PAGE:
Hydroelectric, Wind and Solar Resources
The cooperatives have long been familiar with the benefits of hydropower. From their very inception, they depended on hydropower from federal hydropower projects to supply energy to their members.
The cooperatives completed the first of three hydropower plants on the Arkansas River in one of their most ambitious generation projects ever in December 1988. The plant, the Clyde T. Ellis Hydroelectric Generating Station, was built at the James W. Trimble Lock and Dam near Fort Smith. It marked the cooperatives' commitment to a long-term, low-cost power source for their members. Later in the 1980s and 90s, the cooperatives completed two other hydropower plants, making the total investment in the hydropower energy resources at more than $330 million.
In addition to its owned generation assets, AECC utilizes purchased power agreements for several additional energy resources. AECC purchases approximately 194 megawatts of hydroelectric energy from the Southwestern Power Administration and four megawatts of biomass energy from the EcoVista landfill. AECC has also entered into 20-year purchased power agreements for about 373 megawatts of wind energy and has contracted to receive up to 14 megawatts of solar energy.
Altogether, the total amount of these resources exceeds 752 megawatts, which will represent more than 18 percent of the cooperative’s generation and energy portfolio by 2017.
AECC is also committed to promoting the efficient use of electricity to meet the growing energy load requirements of its members. While energy efficiency alone will not eliminate the need to invest in additional generation resources, it does have unique benefits beyond lowering a member’s electric bill. The efficient use of energy exemplifies individual action accruing to the benefit of both the individual and the broader community, which is a defining characteristic of the cooperative business model. To maximize the potential of system-wide energy efficiency efforts, AECC is dedicated to on-going efforts to identify best practices, educate members about energy efficiency programs, and determine actionable innovations for future implementation.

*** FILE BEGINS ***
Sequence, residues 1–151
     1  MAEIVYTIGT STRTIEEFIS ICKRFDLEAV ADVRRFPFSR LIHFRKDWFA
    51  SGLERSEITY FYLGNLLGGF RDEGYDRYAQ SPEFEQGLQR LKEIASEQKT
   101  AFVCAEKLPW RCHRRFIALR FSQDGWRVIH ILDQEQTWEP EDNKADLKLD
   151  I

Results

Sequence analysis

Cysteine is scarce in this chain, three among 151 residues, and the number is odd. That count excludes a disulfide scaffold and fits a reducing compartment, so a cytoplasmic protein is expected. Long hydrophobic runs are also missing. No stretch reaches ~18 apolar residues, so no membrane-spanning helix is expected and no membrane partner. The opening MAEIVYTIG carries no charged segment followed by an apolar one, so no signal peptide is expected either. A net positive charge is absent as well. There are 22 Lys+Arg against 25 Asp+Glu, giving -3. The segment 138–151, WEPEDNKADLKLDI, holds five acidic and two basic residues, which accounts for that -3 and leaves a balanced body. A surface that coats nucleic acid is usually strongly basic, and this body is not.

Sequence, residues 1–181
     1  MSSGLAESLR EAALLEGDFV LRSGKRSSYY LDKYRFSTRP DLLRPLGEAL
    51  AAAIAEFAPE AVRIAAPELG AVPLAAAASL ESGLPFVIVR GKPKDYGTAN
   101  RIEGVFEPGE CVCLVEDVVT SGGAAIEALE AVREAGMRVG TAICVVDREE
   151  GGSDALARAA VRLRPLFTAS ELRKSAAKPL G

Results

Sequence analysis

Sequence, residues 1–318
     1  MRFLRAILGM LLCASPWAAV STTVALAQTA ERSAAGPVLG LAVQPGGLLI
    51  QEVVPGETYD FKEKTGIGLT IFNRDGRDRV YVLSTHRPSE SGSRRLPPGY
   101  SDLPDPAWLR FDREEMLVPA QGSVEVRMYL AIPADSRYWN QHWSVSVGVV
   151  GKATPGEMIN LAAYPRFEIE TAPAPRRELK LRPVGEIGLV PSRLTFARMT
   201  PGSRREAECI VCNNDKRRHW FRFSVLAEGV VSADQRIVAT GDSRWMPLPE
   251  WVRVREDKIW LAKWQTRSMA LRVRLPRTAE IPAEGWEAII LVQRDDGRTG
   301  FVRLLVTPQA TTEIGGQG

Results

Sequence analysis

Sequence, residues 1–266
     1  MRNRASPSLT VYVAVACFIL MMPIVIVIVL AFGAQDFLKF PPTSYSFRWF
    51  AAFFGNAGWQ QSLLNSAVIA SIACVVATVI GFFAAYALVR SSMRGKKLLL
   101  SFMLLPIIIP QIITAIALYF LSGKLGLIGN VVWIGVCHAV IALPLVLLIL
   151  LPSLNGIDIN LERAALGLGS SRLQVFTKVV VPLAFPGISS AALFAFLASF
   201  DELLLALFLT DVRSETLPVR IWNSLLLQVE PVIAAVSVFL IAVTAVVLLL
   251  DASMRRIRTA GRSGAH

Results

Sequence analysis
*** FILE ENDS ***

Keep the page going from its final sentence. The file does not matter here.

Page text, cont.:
Throughout its history, AECC’s leaders have made tough choices and taken bold positions to ensure that the cooperative could meet its members’ power needs. Today, those leadership principles are more important than ever. The cooperative will continue to make decisions and take a stand to support efforts for energy policies that are fair and in the best interest of electric cooperative members.
Looking to the future, AECC will continue to search for innovative methods to provide members with environmentally sound power resources by maximizing the value of existing generation resources, investing in new technologies and developing renewable energy sources.
AECC currently sells or plans to sell the Renewable Energy Credits associated with the electricity produced by the following: Carl S. Whillock Hydroelectric Generating Station, Electric Cooperatives of Arkansas Hydropower Generating Station and from facilities associated with power purchase agreements with Origin Wind Energy, Drift Sand Wind Project, Flat Ridge 2 Wind Energy and SR Camden. AECC does not claim that the electricity sold from these generation resources to its member cooperatives and others is “green,” “renewable,” “clean” or has any other environmental attribute.